Finding My Way To the 2016 Boston Marathon Starting Line

Our very own Sarah Bowen Shea is serving as an expert on Find Your Finish Line, Hyland's daily lead up to the 2016 Boston Marathon. She was recently featured on the site, explaining how she found her way to the starting line in Boston:SBS Victoria FB cover.

Standing in the lobby of the Marriott Copley Place, waiting for an elevator, I am surrounded by men and women runners a head shorter than my 5’ 11” frame. My forearms are about as big around as their sinewy quads; I’m fairly certain I outweigh each of them by 50 pounds, if not more. It’s two days before the 2012 Boston Marathon, and I want to proclaim, “I qualified, too!!” Instead, I slump my broad, former-rower shoulders and wish the marble floor would open up beneath me. I feel like a poser. Even though I make my living as a runner, as co-founder of Another Mother Runner, I don’t feel like I belong in this fast crowd.

Read the rest of Sarah's essay here.

7 responses to “Finding My Way To the 2016 Boston Marathon Starting Line

  1. Oh Sarah, thank you for your honesty and openness. I feel the exact same way. When friends from high school and childhood discover that I’m a runner/marathoner they are in shock. I feel I will be forever proving myself. Thank you again for the heartfelt essay. It’s nice to know I’m not alone. Hugs!

  2. As my miles go up and there is always another time goal to beat as well, i have asked myself the question: “Will I ever feel good enough?” I am afraid of the answer some days—most days. Which may be why I wear a tutu or silly costume during some races — to embrace a moment where I don’t give a damn anymore. Of course it is also followed by giving a damn on training days and races to actually race, which is completely hypocritical on my part but necessary to build momentum. You deserve to be there! And you are blessed to run as fast as you do and to have conquered so many goals. Poser??! As if!!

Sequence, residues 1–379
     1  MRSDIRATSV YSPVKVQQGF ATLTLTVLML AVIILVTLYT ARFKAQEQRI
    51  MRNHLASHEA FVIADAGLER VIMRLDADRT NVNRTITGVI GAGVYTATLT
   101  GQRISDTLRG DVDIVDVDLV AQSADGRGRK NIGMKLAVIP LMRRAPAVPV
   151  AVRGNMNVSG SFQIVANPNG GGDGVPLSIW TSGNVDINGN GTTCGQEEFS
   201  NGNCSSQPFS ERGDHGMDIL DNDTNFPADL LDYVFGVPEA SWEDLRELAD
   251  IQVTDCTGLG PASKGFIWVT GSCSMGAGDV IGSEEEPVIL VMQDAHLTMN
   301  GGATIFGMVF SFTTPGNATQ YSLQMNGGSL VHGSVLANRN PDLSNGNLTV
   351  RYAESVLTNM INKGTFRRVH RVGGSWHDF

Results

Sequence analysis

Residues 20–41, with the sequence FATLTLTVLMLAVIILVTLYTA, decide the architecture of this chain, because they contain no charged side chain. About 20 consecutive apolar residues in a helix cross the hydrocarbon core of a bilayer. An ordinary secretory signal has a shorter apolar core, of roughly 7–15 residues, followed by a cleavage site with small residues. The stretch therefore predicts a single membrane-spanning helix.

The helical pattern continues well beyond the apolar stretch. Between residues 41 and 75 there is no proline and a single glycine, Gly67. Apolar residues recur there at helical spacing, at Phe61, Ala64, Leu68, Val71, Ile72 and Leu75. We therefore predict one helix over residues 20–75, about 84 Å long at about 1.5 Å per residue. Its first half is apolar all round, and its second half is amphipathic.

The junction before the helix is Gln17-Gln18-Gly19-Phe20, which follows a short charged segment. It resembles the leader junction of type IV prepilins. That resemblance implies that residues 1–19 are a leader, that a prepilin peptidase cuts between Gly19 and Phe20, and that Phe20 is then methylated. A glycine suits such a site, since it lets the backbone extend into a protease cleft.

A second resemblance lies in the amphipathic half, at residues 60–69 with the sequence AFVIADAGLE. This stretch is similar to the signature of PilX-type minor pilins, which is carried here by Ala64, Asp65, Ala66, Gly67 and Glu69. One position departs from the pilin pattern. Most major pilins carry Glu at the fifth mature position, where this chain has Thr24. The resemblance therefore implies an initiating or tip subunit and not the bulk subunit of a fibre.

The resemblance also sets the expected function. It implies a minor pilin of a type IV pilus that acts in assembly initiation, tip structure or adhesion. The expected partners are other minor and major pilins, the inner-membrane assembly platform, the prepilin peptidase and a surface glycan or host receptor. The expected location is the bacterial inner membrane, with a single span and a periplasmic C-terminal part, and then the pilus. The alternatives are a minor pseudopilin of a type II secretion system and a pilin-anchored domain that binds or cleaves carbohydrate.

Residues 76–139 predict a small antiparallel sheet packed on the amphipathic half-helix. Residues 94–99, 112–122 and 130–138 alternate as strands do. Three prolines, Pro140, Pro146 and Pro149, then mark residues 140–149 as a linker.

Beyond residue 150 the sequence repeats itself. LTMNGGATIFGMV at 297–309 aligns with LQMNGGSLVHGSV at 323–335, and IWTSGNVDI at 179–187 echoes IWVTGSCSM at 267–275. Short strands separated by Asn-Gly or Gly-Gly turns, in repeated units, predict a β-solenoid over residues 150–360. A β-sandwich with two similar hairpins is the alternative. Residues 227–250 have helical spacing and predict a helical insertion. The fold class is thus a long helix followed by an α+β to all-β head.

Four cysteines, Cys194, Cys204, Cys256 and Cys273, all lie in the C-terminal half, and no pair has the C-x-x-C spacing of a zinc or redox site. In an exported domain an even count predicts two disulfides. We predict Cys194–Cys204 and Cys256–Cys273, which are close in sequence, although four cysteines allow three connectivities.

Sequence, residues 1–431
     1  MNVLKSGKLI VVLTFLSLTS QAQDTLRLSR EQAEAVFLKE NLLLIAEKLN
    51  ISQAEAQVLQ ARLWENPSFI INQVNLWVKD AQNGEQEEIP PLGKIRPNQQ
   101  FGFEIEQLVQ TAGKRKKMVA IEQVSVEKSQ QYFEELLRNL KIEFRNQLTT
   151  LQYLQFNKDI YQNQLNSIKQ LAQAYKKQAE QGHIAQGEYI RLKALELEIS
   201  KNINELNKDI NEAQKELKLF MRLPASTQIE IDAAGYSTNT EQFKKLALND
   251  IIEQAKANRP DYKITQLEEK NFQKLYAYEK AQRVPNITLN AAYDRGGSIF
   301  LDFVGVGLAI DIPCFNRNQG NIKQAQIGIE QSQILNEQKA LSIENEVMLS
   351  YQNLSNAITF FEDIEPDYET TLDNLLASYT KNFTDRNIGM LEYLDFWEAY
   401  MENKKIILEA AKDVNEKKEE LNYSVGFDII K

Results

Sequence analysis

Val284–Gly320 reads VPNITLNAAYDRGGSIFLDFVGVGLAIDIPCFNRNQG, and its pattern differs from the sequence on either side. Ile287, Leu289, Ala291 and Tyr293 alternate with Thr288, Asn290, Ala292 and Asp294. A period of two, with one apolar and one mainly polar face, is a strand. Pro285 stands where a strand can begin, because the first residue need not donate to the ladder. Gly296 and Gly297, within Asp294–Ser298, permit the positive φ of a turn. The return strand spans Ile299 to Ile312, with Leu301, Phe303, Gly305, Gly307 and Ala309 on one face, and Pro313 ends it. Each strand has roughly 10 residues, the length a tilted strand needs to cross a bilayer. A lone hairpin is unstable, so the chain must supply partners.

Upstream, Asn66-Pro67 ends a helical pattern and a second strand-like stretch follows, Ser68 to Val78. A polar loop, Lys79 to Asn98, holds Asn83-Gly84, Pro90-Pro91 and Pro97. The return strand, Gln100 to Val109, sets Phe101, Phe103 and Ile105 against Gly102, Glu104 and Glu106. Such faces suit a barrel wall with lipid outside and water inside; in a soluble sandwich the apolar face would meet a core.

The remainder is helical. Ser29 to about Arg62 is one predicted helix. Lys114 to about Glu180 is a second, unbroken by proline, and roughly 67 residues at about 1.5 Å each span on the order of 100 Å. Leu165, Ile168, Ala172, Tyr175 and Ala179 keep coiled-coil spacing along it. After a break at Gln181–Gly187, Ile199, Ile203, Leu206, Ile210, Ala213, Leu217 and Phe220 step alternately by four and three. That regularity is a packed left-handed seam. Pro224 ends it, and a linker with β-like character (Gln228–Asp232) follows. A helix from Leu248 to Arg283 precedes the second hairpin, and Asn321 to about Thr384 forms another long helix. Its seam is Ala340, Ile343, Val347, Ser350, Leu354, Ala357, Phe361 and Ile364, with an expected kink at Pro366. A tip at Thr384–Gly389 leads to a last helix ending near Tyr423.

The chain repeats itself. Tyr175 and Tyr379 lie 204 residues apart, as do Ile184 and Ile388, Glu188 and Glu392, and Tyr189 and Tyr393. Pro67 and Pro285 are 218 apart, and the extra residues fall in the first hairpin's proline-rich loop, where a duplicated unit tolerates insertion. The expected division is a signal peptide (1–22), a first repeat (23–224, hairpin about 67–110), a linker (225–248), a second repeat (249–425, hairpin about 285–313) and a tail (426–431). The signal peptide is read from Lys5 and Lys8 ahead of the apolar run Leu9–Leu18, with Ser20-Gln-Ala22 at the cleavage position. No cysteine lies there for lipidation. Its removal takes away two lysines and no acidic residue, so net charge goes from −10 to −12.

3. Reading this from someone who has qualified for Boston and has these struggles (and from reading the replies its not uncommon) really hits home. I’m still that girl too-the bookworm, the slow one, the unathletic, the fat. She’s still in there, she is still me. Everyone who knows me now sees runner Kathy and only runner Kathy. In a way, I identify very strongly with the Oatmeal’s character the Blerch. I run from my fat Kathy the way he runs from the Blerch. So much so, I named her what I was called as a child-Ellie the Elephant.

    Feels good knowing I’m not alone with this. Thanks for that Saran.

  4. Sarah, Thank you for your story!! You are a true runner through and through… Every week when I listen to you on the podcast…I think to myself…. “Wow, she sure does know her running, training, fueling, etc….!” I only can strive to be more of a mother runner like you!! Plus… You are an awesome mom!! You focus on your children and they seem very happy and fulfilled!! Kudos to you!!

  5. Thank you for this, Sarah. I know many of us struggle with feeling like a “real” runner. Somehow knowing you feel the same way at times makes it a bit easier to take. Misery loves company? 😉

    I’m a volunteer cross country coach at our local high school, and last year a new coaching staff came in. With the entire coaching staff now younger and smaller than me, and already surrounded by sinewy high school runners, it was a blow to me when the new coach told me I was “solid, more like a thrower than a runner”. I haven’t decided if I want to return to coaching this year, and struggle every day there is a run on my schedule with feeling like I’m a pretend runner. Thank you for being vulnerable enough to share your story.

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